Financial headlines in the last several years have been filled with stories of investors whose losses have occurred as a result of Ponzi Schemes. In 2009 the U.S. Securities and Exchange Commission identified 20% of the fraud cases they investigated as Ponzi schemes. Investment News reported that 9,244 billion in losses from Ponzi schemes were revealed in 2010. The Bernard Madoff case resulted in losses to investors totaling nearly $65 billion and was the driving force behind the IRS issuance of procedures related to Ponzi-type scheme losses. The Internal Revenue Service has responded again with a revision to Form 4684. Form 4684 is used by taxpayers to claim casualties and thefts.
In July of 2013 the IRS issued a draft of Form 4684. The form now includes Section C which is used to report the theft loss deduction for a Ponzi-type investment scheme using the procedures in Revenue Procedure 2009-20. Revenue Procedure 2009-20 was issued to provide safe harbors to qualified investors who were victims of Ponzi schemes. A subsequent Revenue Procedure modified the initial definition of “qualified loss” and “discovery year “included in Revenue Procedure 2009-20. The safe harbor provisions allow qualified investors meeting certain conditions to claim the loss they have incurred as a theft loss. This allows the investor the ability to deduct the loss as an ordinary loss rather than a capital loss. The loss is also not subject to the 2% limit on miscellaneous itemized deductions or the 10% of adjusted gross income limitation on the deduction for casualty and theft losses. Investors who claimed theft losses due to Ponzi-type investment schemes were previously required to complete a worksheet as published in the Revenue Procedure 2009-20 and attach a statement that was required to be signed by the investor. These will no longer be required as a result of the revised Form 4684.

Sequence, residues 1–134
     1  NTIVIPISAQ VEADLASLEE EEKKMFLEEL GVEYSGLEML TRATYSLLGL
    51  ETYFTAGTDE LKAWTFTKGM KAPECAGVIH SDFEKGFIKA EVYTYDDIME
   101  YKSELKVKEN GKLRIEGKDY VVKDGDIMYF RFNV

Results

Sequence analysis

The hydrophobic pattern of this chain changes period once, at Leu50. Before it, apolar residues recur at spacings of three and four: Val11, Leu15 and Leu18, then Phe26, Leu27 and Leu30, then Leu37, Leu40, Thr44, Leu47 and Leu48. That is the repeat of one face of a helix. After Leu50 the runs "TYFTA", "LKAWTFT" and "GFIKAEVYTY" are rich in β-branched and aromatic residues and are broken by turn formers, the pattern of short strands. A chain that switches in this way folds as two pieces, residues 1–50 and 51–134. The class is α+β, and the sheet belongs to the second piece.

If you have or believe you have been the victim of a Ponzi scheme you should consult with your tax advisor to determine the appropriate tax reporting of the loss.
Cheryl Dickerson, CPA